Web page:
So I was planning to make a plain as possible XHTML file with inline CSS and a table of contents that links to chapters. Basically I just want a document with internal hypertext links and formatting that allows the reader to change the text size as they see fit. Naturally I haven't done it yet.

In my opinion, if you start adding images you might as well stick to the epub format.

AZdave
04-04-2011, 04:44 PM
So the use of html depends on the ereader.

HTML is a mark-up language and the same code will appear differently on different machines. While pdf tries to look the same on all machines. (Crappy IMHO)

I have a BeBook (Onyx) it reads both epub and html. One problem I have seen with epub is the unzipping time can be significant for large documents, i.e. the King James bible. So I store a couple versions of the bible in html format. It is easier and quicker to start up.

Images are no problem. I have a Gutenberg KJV with Dore's illustrations in html. You just have multiple directories, just like the epub's underlay.

But I guess the same thing could be accomplished with multiple books of the bible in epub format.

On the BeBook html does have a disadvantage. It uses the wifi web browser to view html and there is no dictionary support for the web browsing.

A coin toss???

condor
04-08-2011, 02:44 PM
For some odd reason, plain text seems to come out nearly microscopic in size.

I'm not certain that my above statement was clear. I meant that the ".txt" files that I tried to read on my Nook Color came out with very small characters. But I am still trying to learn how to do things on it.

I love the HTML reader on the NC. I just wish I could force the content to stay on the screen. HTML docs seem to stay on the screen better when I'm in landscape mode.

One problem I have seen with epub is the unzipping time can be significant for large documents, i.e. the King James bible. So I store a couple versions of the bible in html format. It is easier and quicker to start up.

Maybe they need to come out with a variation of EPUB that uncompresses the table of contents and keeps each chapter compressed until you want to read it.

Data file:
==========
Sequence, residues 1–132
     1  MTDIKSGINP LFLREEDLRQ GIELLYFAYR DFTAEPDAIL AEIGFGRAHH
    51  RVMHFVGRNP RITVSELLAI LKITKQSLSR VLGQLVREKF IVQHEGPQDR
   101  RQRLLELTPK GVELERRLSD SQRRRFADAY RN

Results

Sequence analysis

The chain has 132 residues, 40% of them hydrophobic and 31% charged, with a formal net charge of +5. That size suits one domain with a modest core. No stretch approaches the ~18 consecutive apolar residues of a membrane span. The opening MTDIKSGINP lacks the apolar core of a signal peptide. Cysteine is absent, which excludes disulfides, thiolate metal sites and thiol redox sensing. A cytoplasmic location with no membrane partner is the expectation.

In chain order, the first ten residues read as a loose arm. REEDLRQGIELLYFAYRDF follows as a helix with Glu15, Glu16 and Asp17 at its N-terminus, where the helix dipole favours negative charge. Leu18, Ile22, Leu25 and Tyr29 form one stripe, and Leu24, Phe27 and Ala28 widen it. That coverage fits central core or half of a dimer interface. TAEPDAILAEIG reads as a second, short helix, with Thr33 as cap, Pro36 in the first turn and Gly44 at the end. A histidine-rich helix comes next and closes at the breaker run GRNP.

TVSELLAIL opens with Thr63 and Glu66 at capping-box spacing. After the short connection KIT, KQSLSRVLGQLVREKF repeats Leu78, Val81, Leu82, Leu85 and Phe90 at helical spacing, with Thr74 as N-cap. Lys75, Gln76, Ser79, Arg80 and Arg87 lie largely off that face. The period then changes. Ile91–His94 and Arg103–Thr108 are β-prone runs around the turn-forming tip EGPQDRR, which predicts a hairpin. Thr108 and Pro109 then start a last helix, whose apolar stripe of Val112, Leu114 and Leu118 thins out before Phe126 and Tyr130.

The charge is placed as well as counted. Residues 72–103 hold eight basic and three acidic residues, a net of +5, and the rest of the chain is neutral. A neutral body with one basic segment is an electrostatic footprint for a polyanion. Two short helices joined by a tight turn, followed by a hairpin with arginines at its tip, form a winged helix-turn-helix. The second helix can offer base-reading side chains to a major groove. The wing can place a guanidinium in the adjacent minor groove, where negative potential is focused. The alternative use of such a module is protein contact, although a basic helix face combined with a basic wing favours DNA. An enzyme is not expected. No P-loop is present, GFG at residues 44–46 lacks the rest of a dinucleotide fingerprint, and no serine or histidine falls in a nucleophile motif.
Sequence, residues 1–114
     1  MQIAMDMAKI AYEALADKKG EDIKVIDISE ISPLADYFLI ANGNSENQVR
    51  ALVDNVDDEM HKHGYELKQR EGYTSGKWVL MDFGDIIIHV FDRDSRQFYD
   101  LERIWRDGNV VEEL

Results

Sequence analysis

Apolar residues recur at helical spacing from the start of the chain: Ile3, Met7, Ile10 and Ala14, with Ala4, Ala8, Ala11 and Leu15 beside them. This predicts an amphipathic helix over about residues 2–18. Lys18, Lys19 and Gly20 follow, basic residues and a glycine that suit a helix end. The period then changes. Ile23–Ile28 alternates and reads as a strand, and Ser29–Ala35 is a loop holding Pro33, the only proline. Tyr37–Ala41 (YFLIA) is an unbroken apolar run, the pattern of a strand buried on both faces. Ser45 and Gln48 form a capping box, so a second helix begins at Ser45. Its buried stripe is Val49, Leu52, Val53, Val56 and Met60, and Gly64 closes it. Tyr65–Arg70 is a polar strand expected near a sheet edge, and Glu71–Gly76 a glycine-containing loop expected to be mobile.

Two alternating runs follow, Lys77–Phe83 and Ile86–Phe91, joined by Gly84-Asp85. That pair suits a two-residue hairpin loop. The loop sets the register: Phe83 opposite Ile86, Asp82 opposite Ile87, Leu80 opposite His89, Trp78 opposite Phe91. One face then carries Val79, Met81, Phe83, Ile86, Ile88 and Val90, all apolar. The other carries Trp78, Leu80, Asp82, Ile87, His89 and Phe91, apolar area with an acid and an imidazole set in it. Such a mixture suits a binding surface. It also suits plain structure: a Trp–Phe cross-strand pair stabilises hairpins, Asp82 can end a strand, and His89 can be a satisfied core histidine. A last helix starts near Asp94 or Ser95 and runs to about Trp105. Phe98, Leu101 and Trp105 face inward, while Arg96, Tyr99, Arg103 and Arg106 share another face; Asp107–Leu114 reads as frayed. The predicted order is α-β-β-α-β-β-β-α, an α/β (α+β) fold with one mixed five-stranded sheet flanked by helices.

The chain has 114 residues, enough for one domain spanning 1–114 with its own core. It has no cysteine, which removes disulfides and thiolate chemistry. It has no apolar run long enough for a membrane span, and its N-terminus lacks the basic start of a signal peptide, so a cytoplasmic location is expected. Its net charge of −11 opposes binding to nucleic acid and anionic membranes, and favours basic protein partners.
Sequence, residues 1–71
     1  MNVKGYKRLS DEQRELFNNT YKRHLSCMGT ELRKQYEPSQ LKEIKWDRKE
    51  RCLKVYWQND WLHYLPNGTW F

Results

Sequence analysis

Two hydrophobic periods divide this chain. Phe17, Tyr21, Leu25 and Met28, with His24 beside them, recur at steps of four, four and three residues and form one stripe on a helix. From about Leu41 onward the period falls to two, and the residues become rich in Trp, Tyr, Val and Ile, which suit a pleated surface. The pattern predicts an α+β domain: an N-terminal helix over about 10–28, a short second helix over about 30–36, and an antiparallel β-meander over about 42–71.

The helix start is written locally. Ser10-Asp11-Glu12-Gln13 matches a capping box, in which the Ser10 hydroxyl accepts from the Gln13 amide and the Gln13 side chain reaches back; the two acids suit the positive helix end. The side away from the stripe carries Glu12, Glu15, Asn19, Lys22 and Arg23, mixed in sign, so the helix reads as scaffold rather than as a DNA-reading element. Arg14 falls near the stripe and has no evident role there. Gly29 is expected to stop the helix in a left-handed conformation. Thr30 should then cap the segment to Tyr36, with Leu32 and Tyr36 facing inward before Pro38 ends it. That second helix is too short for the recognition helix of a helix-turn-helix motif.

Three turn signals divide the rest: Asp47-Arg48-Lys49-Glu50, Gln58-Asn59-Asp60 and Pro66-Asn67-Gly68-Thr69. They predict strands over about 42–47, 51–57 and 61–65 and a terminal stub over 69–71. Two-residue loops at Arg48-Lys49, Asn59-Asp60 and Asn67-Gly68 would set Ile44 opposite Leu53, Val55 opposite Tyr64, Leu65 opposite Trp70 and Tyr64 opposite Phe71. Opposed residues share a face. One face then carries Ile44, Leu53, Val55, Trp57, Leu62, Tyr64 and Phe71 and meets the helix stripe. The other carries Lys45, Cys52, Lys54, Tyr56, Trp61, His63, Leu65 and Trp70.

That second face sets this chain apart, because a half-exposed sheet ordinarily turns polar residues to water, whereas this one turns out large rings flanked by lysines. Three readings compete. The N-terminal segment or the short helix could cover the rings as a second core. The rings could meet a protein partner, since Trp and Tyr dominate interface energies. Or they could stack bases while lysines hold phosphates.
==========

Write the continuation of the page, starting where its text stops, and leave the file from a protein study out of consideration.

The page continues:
A feature to search within a compressed book (or compressed chapters) shouldn't be impossible, there are already utilities that let you search for a word in a compressed file.

susan_cassidy
04-17-2011, 02:51 PM
The unzipping is not done by the ePub file itself, but by the software reading it. There's no reason that the software couldn't keep the TOC in memory after unzipping, but once the file is unzipped, it would be strange to delete the unzipped copy. They should be keeping the unzipped file in a temporary storage area somewhere, and reading from that.

Most people reading novels never use the TOC, I bet. They just start at the beginning, and keep reading until they are done.

condor
04-22-2011, 12:45 PM
True enough, I don't bother with the TOC when I'm reading a book. I just mentioned unzipping specific chapters as a possible future method to handle large reference books, like the Bible, mentioned by AZdave.

Sorry about my poorly worded comments, I understand that NC uses Adobe Digital Editions to display epub files. I'm guessing that B&N selected ADE to handle digital rights management, which isn't a concern with me as I am busy reading public domain books. :)

kinkle
05-28-2011, 07:25 AM
I download some ebooks in .htm format. I coppy the books in kindle's document folder.
Who know a way to read this format on kindle? Please help.
It is possible to use experimental browser to read that .htm ?

DaleDe
05-28-2011, 12:43 PM
I download some ebooks in .htm format. I coppy the books in kindle's document folder.
Who know a way to read this format on kindle? Please help.
It is possible to use experimental browser to read that .htm ?

rename the extension to .TXT and it will be read.

Dale

frabjous
05-28-2011, 02:14 PM
I download some ebooks in .htm format. I coppy the books in kindle's document folder.
Who know a way to read this format on kindle? Please help.
It is possible to use experimental browser to read that .htm ?

You could use calibre to convert it to .mobi.

kinkle
05-28-2011, 02:21 PM
Thanks. I will tray.
With calibre I have some problem with malicious url that kaspersky report. I uninstal it. But i will try again. :chinscratch: